The Atlantic

In 1973, a United States Air Force officer, Major Harold Hering, asked a question that the Air Force did not want asked. Hering, a decorated Vietnam War veteran, was then in training to become a Minuteman-missile crewman. The question he asked one of his instructors was this: “How can I know that an order I receive to launch my missiles came from a sane president?”

The writer Ron Rosenbaum would later call this the “forbidden question.” Missile officers are allowed to ask certain sorts of questions—about the various fail-safe systems built to prevent the accidental launching of nuclear weapons, for instance. But the Air Force would not answer Hering’s question, and it moved to discharge him after determining that officers responsible for launching nuclear weapons did not “need to know” the answer. “I have to say I feel I do have a need to know because I am a human being,” Hering said in response.

Hering’s question was taboo because the national defense strategy of the United States is built on the unstated assumption that the American people will not allow a lunatic to become president. If that assumption is wrong, then no procedural, legal, or technological mechanisms exist that are able to fully protect the human race from such a lunatic. Hering discovered a catastrophic flaw in U.S. nuclear doctrine, and for this he was driven from the Air Force.

In most matters related to the governance and defense of the United States, the president is constrained by competing branches of government and by an intricate web of laws and customs. Only in one crucial area does the president resemble, in the words of the former missile officer and scholar Bruce Blair, an absolute monarch—his control of nuclear weapons. Richard Nixon, who was president when Major Hering asked his question, was reported to have told members of Congress at a White House dinner party, “I could leave this room and in 25 minutes, 70 million people would be dead.” This was an alarming but accurate statement.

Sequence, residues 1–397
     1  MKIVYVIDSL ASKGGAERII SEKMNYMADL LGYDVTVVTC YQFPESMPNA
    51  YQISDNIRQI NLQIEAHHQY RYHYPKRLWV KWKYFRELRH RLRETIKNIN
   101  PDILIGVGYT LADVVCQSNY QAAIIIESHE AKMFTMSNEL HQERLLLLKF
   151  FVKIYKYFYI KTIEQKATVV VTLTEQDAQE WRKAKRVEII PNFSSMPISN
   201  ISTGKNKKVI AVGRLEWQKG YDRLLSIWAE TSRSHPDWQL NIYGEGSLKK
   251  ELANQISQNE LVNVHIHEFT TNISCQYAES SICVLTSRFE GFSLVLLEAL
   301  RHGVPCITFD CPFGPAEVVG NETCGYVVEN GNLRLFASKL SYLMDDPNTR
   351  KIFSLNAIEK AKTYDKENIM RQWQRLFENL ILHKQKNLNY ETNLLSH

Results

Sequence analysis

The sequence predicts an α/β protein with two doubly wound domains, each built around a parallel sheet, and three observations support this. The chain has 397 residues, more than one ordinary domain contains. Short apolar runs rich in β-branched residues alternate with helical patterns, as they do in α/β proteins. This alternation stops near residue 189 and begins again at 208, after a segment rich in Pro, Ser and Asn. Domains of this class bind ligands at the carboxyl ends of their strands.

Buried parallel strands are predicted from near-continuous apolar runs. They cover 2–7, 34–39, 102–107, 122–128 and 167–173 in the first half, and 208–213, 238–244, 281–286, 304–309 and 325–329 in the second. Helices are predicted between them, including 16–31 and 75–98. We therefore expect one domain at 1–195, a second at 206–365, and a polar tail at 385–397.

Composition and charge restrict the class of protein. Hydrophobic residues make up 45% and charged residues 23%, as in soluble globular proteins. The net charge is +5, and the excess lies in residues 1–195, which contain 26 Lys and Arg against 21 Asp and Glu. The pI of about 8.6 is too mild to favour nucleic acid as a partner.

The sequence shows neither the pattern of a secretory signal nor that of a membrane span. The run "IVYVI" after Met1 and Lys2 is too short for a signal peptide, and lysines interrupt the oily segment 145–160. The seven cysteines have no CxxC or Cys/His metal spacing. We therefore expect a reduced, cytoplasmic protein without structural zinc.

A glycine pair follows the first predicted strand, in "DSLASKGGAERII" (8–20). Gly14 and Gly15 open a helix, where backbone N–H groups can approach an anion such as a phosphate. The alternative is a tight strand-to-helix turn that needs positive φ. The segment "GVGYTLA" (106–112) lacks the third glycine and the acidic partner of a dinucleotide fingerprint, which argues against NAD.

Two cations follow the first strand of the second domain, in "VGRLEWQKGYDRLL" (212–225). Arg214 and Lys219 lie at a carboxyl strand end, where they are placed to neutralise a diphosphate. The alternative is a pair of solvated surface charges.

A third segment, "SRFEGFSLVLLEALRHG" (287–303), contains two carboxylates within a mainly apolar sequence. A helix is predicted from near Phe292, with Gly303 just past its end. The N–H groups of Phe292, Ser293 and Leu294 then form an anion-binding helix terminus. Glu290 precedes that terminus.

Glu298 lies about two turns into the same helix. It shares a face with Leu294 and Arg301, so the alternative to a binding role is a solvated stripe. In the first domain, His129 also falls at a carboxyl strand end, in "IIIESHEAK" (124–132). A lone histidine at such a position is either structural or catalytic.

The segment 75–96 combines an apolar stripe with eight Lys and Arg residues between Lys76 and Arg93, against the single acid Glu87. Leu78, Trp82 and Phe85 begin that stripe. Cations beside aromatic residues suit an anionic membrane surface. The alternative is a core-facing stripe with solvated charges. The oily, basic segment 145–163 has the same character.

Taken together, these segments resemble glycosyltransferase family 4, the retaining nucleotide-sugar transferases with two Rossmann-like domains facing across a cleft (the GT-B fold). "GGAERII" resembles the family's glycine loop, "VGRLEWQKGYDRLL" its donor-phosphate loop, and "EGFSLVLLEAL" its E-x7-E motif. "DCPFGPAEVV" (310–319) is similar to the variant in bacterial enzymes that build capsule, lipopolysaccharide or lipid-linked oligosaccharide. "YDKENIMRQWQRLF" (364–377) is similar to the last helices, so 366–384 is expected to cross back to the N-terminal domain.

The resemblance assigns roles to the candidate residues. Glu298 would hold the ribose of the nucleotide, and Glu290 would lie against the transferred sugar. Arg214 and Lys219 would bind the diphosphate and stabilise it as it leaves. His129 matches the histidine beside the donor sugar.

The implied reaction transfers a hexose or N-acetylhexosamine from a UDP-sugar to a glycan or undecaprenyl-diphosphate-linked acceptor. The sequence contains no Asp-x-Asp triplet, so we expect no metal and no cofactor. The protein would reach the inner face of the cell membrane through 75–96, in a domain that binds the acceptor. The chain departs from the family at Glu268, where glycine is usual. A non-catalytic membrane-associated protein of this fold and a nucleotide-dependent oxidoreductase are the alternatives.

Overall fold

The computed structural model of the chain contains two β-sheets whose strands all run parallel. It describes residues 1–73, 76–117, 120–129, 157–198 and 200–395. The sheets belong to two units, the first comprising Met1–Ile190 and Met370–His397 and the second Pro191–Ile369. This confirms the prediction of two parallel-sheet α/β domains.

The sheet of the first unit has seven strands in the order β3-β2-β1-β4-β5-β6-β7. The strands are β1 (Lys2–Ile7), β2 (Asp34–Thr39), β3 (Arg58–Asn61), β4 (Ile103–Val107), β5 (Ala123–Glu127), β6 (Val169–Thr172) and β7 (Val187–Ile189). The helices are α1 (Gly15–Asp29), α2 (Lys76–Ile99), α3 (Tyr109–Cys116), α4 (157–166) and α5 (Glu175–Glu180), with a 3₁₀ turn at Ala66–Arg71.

When contemplating their ballots, Americans should ask which candidate in a presidential contest is better equipped to guide the United States through a national-security crisis without triggering a nuclear exchange, and which candidate is better equipped to interpret—within five or seven minutes—the ambiguous, complicated, and contradictory signals that could suggest an imminent nuclear attack. These are certainly not questions that large numbers of voters asked themselves in 2016, when a transparently unqualified candidate for president won the support of 63 million Americans.

At the time, Donald Trump had not yet served in public office, so concerns about his ability to protect the United States from harm were hypothetical, though grounded in his long and terrible record as a human being. As The Atlantic stated in its October 2016 endorsement of his opponent, Hillary Clinton, Trump “traffics in conspiracy theories and racist invective; he is appallingly sexist; he is erratic, secretive, and xenophobic; he expresses admiration for authoritarian rulers, and evinces authoritarian tendencies himself … He is an enemy of fact-based discourse; he is ignorant of, and indifferent to, the Constitution; he appears not to read.”